Thursday, July 9, 2009


Hey Guys. .boyz n girls. . . ALL

I want to post this mail re: US Military "Don't Ask,Don't Tell" and what it does to other gays. . . just for more awarenss and suportive karma. . .metta....


On Thu, Jul 9, 2009 at 4:30 PM, Lt. Dan Choi, for Courage Campaign <> wrote:
Courage Campaign
Dear Justin --

At West Point, I recited the Cadet Prayer every Sunday.

It taught me to "choose the harder right over the easier wrong" and to "never be content with a half truth when the whole can be won."

The Cadet Honor Code demanded truthfulness and honesty. That's why I said three words -- "I am gay" -- that the Army is now using as grounds to fire me under the military's discriminatory "Don't Ask, Don't Tell" policy.

The Cadet Honor Code also imposed a zero-tolerance policy against deception -- or hiding behind comfort. That's why I now often wear a T-shirt at public events that my sister made for me. It says, quite simply:


Don't hide who you are. Don't hide who you love.

That's what the Courage Campaign is all about -- empowering people like me and so many others to proudly stand up and come out for equality in their communities, from "red county" regions like Fresno to institutions like the Army. It's also what Knights Out -- the organization of 70 West Point graduates that I co-founded to fight "Don't Ask, Don't Tell" -- is about.

I will not stop fighting. And the Courage Campaign and Knights Out will not stop fighting either. But -- to help these organizations continue their work to end "Don't Ask, Don't Tell" -- we need your financial support. Will you help us now?

I want to thank you from the bottom of my heart for the 424,343 signatures of support that Courage Campaign members have collected on my behalf, calling on President Barack Obama, the Army and Speaker Nancy Pelosi to put an end to "Don't Ask, Don't Tell."

When I presented your signatures as "Exhibit E: Courage Campaign" to the four members of the Army's Federal Recognition Board, they were shocked. To the best of my knowledge, no one had ever submitted that many signatures in support of a service member before.

Now, I am planning to personally deliver your signatures of support to Speaker Pelosi, asking her to take leadership on DADT. With Rep. Patrick Murphy -- a fellow Iraq veteran -- reintroducing the "Military Readiness Enhancement Act" in Congress yesterday, I think your signatures will now have an even bigger impact on Speaker Pelosi.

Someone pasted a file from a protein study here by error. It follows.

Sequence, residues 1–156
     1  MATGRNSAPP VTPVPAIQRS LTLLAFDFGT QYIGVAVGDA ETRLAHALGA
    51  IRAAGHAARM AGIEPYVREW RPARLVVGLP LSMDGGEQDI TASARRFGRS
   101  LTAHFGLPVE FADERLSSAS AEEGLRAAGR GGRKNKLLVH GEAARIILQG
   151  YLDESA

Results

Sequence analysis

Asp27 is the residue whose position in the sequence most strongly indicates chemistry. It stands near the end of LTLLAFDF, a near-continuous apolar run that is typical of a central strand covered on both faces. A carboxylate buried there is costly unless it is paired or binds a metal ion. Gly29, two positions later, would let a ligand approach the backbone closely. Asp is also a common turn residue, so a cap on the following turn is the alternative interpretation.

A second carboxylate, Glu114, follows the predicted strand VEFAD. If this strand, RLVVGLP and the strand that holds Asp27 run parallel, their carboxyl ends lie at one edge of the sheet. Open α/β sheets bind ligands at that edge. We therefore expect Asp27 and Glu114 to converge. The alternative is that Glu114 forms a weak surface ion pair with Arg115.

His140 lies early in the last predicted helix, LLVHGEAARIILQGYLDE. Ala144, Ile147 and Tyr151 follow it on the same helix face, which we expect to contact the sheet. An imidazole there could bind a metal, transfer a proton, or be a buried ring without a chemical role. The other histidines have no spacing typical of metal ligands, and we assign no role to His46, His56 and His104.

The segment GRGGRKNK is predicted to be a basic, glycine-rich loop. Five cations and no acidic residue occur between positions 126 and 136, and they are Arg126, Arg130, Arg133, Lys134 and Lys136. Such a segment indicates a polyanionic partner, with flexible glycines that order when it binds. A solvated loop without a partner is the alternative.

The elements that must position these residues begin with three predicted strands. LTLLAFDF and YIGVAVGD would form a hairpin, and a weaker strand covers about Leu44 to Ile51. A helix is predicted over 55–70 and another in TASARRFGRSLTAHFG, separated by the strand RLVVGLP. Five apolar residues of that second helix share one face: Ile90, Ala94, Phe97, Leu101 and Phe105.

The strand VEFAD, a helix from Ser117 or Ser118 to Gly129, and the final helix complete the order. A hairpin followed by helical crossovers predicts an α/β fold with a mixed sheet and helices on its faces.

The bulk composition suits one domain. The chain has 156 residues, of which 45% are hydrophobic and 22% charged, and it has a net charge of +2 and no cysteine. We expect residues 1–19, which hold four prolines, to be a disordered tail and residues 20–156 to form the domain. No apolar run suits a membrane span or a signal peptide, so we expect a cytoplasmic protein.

This would not have been possible without the Courage Campaign community. Or my friends and fellow service members at Knights Out. To continue to push for an end to DADT, these organizations need your help. Can you make a contribution to support us?

I've said it before and I'll say it again. National security means many things, but the thing that makes us secure in our nation and homes is love. What makes me a better soldier, leader, Christian and human being is love. And I'm not going to hide my love.

Love is worth it.

Thank you for your support.

Daniel W. Choi
New York Army National Guard

P.S. My wonderful sister created the "DON'T HIDE" shirt that you can see in the picture above. I wear it everywhere I go as a statement against "Don't Ask, Don't Tell." If you donate $100 or more, we can send you your very own "DON'T HIDE" shirt. Just click here to make a contribution and send us your shirt size:

Courage Campaign Issues is part of the Courage Campaign's online organizing network that empowers more than 700,000 grassroots and netroots supporters to push for progressive change and full equality in California.

To power our campaign to repeal "Don't Ask, Don't Tell" please chip in what you can today:

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Shannon said...

It amazes me that all around the world some militaries and Governments are happy to send kids to die but not allow them to live as equals in the country they have sworn to defend.

These people are all heroes because they stand up for something greater than themselves. They sacrifice for a Culture that denies them, and they do it willingly.

This is what heroes do. Not for medals, not for accolades, not for banners and songs... but for each other and for their nation.

Theirs is a solemn pride that no government, or treacherous parasite that lives on the freedom they defend can ever take from them.

J said...

Whether or not the soldier can be open about his sexual preferences is entirely driven by cultural attitudes, and their impact on recruitment, discipline and cohesion in the ranks. Twenty years ago when he was chairman of the Joint Chiefs of Staff, Gen. Colin Powell (who knows something about invidious discrimination in life), was not in support of reform. Two weeks ago he said that we may have matured as a society sufficiently enough so that the don't ask don't tell policy can be revisited. That's a sign that it will. You should expect that within a very few years this policy will be replaced by one in which public display of sexual preferences of all sorts will be banned in the military setting. In other words, you can certainly ask and tell about your sexual preferences,and you can't be discriminated against because of them, but you can't flaunt those preferences.
I suppose the next test thereafter will be whether or not you can march in your uniform in a Pride parade when you're on active duty but not on station. That will probably depend on the level of dignity that is preserved in the presentation of the uniform.